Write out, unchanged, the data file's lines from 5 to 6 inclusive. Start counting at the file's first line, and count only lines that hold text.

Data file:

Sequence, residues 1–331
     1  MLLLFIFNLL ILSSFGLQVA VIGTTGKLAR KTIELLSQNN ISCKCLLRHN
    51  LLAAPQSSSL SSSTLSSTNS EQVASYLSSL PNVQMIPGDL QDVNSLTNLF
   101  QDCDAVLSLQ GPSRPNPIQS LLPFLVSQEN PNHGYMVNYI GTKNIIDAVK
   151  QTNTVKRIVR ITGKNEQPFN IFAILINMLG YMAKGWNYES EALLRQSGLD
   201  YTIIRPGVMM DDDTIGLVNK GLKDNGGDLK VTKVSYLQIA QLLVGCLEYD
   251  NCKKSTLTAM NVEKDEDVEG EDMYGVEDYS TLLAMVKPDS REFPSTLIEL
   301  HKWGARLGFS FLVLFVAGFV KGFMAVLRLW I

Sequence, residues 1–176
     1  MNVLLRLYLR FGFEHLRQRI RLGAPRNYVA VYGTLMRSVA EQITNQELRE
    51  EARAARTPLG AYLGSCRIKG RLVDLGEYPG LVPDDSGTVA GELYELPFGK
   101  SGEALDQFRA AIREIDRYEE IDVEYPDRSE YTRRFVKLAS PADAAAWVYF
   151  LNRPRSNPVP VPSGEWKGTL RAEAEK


   151  QTNTVKRIVR ITGKNEQPFN IFAILINMLG YMAKGWNYES EALLRQSGLD
   201  YTIIRPGVMM DDDTIGLVNK GLKDNGGDLK VTKVSYLQIA QLLVGCLEYD